U Visa

         ¶5 During trial, in response to a question from defense counsel, Mother testified that she learned about "U visas" as a result of the charges against Cantarero.[2] Mother explained that she signed some paperwork and provided it to an attorney, but she did not know whether the paperwork had been filed. In subsequent questioning, both the prosecutor and defense counsel returned briefly to the U visa topic. Shortly after being excused to deliberate, the jury sent out a question, asking, "[W]hat is a U visa?" Following discussion among the prosecutor, defense counsel, and Cantarero, the trial court concluded that this information could not be provided during deliberation and was irrelevant. The court sent a response to the jury, stating, "[T]he Court cannot give you any further evidence at this time. You must make your determination based on the evidence you already have."

         The CJC Interviews

         ¶6 The jury viewed the interviews of each victim that had been recorded at the Children's Justice Center following the report of the abuse. In closing statements, defense counsel urged the jury to watch the recorded interviews again as they deliberated because the statements made during those interviews illustrated the holes in the State's case. Counsel asserted that, although the victims testified that Cantarero touched their genitals multiple times, they could describe details of only one event each. Additionally, counsel emphasized Younger Victim's statement in the interview, particularly her explanation that Cantarero started touching her after he had stopped touching Older Victim. Counsel theorized that Younger Victim may have "heard that in a conversation or someone told her to say that, but that's a very adult evaluation." During deliberations, the jury had access to the recorded CJC Interviews of both victims.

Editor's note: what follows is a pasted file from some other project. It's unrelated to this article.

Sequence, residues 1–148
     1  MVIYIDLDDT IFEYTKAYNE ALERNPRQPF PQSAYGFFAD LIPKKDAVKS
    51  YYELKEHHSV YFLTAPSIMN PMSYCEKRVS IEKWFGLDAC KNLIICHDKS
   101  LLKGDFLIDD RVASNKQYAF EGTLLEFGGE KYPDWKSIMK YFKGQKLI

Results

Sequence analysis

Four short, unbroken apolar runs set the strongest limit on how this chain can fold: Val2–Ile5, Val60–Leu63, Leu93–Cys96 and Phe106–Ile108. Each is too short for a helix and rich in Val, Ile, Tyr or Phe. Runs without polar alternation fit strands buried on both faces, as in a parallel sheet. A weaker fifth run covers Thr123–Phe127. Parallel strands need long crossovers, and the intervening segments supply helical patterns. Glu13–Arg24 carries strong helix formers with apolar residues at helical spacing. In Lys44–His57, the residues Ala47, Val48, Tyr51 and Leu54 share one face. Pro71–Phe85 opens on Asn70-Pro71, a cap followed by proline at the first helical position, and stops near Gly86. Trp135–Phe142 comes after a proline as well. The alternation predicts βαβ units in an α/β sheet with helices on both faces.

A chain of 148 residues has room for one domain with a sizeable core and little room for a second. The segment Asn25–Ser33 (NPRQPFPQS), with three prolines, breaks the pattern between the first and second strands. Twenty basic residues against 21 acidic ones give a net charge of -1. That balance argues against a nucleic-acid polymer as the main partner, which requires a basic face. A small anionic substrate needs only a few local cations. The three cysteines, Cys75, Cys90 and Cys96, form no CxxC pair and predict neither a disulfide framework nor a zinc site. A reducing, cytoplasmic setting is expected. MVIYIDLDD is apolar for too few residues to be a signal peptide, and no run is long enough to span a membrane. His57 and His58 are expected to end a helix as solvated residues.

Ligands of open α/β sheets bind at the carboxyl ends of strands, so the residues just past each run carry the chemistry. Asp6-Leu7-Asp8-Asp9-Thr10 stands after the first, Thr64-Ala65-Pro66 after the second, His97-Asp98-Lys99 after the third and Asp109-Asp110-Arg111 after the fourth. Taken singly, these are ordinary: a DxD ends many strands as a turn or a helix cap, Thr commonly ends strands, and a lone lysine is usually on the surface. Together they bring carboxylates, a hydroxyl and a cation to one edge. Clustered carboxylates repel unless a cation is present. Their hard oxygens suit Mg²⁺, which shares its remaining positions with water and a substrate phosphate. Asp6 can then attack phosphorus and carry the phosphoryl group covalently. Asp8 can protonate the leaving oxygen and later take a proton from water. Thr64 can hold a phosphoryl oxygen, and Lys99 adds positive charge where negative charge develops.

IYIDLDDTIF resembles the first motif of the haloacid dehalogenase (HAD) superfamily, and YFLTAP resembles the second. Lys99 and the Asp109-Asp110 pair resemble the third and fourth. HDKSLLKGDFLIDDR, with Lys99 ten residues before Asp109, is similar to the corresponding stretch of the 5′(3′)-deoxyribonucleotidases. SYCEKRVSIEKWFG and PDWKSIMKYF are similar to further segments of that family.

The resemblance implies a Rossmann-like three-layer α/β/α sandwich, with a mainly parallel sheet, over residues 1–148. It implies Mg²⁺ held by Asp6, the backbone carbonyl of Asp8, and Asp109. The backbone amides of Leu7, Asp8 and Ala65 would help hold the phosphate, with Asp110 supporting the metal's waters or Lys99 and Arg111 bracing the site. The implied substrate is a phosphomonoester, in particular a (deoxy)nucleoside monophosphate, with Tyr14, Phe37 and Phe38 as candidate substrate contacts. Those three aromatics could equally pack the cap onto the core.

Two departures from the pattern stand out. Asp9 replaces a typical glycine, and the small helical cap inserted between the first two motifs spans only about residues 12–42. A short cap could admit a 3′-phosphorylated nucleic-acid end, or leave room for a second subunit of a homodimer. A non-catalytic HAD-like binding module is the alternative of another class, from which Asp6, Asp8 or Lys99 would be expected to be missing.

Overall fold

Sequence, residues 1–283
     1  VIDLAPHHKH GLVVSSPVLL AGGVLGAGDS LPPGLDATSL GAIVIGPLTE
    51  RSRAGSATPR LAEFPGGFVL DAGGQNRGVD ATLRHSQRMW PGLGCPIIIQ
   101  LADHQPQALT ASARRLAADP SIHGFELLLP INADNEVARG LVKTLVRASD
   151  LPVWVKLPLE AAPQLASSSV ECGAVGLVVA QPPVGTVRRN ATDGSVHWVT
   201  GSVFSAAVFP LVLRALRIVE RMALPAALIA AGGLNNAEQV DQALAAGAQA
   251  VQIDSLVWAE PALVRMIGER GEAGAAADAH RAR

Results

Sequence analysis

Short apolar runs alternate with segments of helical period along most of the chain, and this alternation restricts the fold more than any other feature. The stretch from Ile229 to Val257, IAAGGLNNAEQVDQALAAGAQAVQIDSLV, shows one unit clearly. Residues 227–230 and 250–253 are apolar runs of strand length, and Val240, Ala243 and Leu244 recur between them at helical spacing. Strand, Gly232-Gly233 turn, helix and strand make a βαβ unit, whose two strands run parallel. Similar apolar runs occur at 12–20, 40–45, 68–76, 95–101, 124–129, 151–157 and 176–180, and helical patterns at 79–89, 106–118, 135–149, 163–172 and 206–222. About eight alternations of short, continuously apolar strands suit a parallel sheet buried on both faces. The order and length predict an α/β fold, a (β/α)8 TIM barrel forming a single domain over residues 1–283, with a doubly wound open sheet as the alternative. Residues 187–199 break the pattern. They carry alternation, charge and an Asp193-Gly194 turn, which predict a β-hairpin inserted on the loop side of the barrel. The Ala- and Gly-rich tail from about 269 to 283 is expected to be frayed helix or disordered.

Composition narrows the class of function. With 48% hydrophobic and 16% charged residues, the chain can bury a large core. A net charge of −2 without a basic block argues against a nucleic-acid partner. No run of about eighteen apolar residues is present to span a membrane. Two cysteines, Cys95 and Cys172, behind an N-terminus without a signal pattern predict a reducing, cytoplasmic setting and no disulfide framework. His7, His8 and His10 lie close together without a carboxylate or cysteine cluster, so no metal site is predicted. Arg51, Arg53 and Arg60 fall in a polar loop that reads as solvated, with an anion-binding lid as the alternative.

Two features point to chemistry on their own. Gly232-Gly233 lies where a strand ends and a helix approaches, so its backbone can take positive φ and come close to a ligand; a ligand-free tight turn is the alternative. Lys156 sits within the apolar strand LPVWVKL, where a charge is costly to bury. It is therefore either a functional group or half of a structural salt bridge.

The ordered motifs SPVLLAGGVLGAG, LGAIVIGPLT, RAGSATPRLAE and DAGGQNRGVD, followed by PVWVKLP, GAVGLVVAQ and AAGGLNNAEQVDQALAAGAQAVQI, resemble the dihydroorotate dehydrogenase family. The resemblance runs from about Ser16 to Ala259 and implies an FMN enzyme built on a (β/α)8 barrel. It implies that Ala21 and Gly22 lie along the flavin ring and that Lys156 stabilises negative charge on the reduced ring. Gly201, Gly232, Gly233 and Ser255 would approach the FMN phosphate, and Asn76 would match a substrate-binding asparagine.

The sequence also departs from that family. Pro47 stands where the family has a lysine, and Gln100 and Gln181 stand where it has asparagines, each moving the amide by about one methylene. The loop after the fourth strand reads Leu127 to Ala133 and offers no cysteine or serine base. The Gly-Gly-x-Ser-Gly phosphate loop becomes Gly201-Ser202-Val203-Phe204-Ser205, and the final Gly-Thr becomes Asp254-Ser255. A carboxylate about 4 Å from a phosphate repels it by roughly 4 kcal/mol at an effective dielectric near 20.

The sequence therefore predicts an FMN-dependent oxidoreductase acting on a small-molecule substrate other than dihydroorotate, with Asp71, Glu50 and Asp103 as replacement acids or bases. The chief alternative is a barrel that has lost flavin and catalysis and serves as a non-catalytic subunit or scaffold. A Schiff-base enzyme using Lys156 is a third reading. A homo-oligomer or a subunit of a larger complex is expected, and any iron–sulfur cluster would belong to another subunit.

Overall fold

Jury Instruction 17

         ¶7 The State proposed several jury instructions, including one at issue in this appeal-Instruction 17. The challenged instruction provided:

In evaluating the testimony of a child you should consider all of the factors surrounding the child's testimony, including the age of the child and any evidence regarding the child's level of cognitive development. Although, because of age and level of cognitive development, a child may perform differently as a witness from an adult that does not mean that a child is any more or less credible a witness than an adult. You should not discount or distrust the testimony of a child solely because he or she is a child.
A child witness shall be considered a competent witness. That child's testimony shall be evaluated in the same manner and given the same weight as another witness.[[3]

         ¶8 Cantarero's counsel approved this instruction, and the court gave the instruction to the jury. The court also ...